Irish Nationalists in America: The Politics of Exile, 1798-1998 by David BrundageIrish Nationalists in America: The Politics of Exile, 1798-1998 by David Brundage

Irish Nationalists in America: The Politics of Exile, 1798-1998

byDavid Brundage

Hardcover | March 30, 2016

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In this important work of deep learning and insight, David Brundage gives us the first full-scale history of Irish nationalists in the United States. Beginning with the brief exile of Theobald Wolfe Tone, founder of Irish republican nationalism, in Philadelphia on the eve of the bloody 1798Irish rebellion, and concluding with the role of Bill Clinton's White House in the historic 1998 Good Friday Agreement in Northern Ireland, Brundage tells a story of more two hundred years of Irish American (and American) activism in the cause of Ireland. The book, though, is far more than a narrative history of the movement. Brundage also effectively weaves into his account a number of the analytical themes and perspectives that have transformed the study of nationalism over the last two decades. The most important of these perspectives is the"imagined" or "invented" character of nationalism. A second theme is the relationship of nationalism to the waves of global migration from the early nineteenth century to the present and, more precisely, the relationship of nationalist politics to the phenomenon of political exile. Finally, the workis concerned with Irish American nationalists' larger social and political vision, which sometimes expanded to embrace causes such as the abolition of slavery, women's rights, or freedom for British colonial subjects in India and Africa, and at other times narrowed, avoiding or rejecting such"extraneous concerns and connections". All of these themes are placed within a thoroughly transnational framework that is one of the book's most important contributions.Irish nationalism in America emerges from these pages as a movement of great resonance and power. This is a work that will transform our understanding of the experience of one of America's largest immigrant groups and of the phenomenon of diasporic or "long-distance" nationalism moregenerally.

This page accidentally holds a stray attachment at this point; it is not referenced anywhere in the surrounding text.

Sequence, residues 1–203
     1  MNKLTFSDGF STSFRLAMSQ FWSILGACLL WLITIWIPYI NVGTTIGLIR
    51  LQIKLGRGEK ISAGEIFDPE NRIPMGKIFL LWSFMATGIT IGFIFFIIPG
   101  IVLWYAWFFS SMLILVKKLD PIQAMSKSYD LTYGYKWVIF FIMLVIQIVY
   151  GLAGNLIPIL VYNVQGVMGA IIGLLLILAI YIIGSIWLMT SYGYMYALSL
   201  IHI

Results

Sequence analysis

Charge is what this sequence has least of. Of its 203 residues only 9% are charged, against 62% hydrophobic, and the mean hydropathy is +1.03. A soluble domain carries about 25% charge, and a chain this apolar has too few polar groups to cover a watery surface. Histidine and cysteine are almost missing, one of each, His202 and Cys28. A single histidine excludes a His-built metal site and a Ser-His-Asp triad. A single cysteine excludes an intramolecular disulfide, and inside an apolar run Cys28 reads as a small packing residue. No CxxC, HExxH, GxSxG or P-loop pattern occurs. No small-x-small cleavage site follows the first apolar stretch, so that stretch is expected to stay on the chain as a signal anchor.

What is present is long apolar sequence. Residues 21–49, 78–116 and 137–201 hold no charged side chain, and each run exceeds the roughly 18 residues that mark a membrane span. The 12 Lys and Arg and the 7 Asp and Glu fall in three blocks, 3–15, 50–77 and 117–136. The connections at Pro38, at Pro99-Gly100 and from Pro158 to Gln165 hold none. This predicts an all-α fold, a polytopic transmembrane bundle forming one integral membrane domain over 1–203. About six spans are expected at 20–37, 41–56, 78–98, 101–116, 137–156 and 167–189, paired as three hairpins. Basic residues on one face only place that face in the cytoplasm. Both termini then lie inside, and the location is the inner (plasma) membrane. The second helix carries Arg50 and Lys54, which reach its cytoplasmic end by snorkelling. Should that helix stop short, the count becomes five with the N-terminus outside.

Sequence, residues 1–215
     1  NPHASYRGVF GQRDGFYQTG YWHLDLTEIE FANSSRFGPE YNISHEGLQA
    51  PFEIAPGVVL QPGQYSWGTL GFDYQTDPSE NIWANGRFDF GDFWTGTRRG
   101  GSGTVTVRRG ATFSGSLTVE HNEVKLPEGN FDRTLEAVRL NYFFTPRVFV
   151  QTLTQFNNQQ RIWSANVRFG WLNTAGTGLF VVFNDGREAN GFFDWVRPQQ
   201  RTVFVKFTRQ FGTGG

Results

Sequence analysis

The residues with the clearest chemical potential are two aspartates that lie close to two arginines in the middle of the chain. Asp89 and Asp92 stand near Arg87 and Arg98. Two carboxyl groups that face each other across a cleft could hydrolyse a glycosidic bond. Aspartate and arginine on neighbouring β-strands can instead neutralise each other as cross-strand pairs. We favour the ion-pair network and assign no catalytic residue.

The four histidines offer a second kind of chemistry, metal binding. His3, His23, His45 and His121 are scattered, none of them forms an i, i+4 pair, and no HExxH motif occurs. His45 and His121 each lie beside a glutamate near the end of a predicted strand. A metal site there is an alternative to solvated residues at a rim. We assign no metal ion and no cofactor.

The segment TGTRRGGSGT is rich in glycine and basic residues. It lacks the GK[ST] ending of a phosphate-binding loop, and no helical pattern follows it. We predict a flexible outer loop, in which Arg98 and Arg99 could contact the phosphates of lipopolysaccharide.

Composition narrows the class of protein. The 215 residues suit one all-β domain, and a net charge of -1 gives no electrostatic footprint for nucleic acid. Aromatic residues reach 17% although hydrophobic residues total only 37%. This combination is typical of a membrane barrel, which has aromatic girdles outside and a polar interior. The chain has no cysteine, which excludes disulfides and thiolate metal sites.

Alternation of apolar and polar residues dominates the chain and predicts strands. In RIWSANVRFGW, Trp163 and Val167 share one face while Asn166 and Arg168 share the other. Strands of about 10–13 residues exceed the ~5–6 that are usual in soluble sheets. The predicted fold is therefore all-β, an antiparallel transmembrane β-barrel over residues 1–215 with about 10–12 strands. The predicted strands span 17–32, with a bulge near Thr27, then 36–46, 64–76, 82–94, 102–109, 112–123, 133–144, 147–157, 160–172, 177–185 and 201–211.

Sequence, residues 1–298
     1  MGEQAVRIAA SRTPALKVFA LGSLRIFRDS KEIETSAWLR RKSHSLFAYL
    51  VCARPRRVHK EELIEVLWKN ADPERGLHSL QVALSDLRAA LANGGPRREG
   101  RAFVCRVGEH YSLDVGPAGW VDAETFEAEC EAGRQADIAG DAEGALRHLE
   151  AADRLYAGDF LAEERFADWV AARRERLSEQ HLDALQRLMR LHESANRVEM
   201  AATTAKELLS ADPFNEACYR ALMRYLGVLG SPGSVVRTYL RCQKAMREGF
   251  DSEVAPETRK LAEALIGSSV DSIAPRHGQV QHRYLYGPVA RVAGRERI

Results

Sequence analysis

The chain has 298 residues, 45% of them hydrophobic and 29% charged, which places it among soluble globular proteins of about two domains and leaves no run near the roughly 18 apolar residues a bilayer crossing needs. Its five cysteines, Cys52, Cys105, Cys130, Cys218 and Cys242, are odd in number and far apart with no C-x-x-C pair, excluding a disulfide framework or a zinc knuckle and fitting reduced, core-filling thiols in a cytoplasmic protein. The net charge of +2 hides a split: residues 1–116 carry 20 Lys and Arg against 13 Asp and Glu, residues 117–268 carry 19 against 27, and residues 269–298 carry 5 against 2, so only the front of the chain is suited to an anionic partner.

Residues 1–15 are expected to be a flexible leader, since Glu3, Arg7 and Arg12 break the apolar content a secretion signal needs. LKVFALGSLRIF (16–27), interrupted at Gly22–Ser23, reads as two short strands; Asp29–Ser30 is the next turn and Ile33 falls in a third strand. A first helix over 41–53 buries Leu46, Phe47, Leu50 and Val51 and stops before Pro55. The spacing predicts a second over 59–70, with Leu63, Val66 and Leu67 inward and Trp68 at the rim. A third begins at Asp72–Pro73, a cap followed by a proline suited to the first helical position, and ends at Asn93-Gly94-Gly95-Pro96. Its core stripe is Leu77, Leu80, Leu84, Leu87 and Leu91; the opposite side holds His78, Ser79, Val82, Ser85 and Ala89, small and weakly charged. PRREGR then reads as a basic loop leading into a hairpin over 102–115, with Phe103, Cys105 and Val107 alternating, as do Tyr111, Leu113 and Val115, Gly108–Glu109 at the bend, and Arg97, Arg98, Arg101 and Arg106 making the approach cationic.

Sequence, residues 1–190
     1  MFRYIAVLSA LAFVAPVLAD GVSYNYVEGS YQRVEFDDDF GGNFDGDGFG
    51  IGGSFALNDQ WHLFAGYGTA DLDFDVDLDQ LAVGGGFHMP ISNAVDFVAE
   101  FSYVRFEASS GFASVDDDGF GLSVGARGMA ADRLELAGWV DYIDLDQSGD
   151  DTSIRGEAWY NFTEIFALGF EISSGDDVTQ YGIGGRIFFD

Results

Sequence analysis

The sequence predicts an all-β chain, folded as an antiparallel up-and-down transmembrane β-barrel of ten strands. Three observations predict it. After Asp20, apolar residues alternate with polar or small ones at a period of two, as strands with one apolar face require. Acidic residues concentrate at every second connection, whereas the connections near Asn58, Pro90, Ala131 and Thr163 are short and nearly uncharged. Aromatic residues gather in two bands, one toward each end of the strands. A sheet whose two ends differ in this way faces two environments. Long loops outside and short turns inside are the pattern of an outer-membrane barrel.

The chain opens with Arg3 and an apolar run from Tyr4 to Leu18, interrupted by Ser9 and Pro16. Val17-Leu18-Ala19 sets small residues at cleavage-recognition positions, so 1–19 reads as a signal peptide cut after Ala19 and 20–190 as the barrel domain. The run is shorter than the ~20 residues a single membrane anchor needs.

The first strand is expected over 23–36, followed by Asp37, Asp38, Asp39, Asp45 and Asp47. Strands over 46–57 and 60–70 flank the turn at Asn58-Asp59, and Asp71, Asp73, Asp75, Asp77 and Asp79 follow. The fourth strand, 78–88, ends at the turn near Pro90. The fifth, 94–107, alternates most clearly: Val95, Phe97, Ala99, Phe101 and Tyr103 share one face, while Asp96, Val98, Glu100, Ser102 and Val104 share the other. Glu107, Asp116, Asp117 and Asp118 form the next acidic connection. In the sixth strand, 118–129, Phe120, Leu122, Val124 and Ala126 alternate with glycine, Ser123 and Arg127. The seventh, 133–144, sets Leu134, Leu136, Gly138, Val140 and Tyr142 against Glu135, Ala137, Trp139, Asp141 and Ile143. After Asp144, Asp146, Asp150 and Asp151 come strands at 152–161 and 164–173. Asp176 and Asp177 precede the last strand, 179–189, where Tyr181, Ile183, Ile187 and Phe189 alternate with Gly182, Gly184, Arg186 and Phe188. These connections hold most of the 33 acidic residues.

David Brundage is Professor of History at University of California, Santa Cruz. He's the author of The Making of Western Labor Radicalism: Denver's Organized Workers, 1878-1905 and co-author of Who Built America?: Working People and the Nation's Economy, Politics, Culture and Society.
Title:Irish Nationalists in America: The Politics of Exile, 1798-1998Format:HardcoverDimensions:320 pages, 9.25 × 6.12 × 0.98 inPublished:March 30, 2016Publisher:Oxford University PressLanguage:English

The following ISBNs are associated with this title:

ISBN - 10:019533177X

ISBN - 13:9780195331776

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Table of Contents

AcknowledgmentsIntroduction1. The Transatlantic Odyssey of Theobald Wolfe Tone2. Irish Exiles in a New Republic, 1798-18293. Repeal, Rebellion, and American Slavery, 1829-18484. The Fenian Movement, 1848-18785. The New Departure in America, 1878-18906. Home Rulers and Republicans, 1890-19167. The Irish Revolution, 1916-19218. The Long Wait, 1921-19669. The American Connection, 1966-1998Epilogue: "Ireland is at Peace"AbbreviationsNotesBibliographyIndex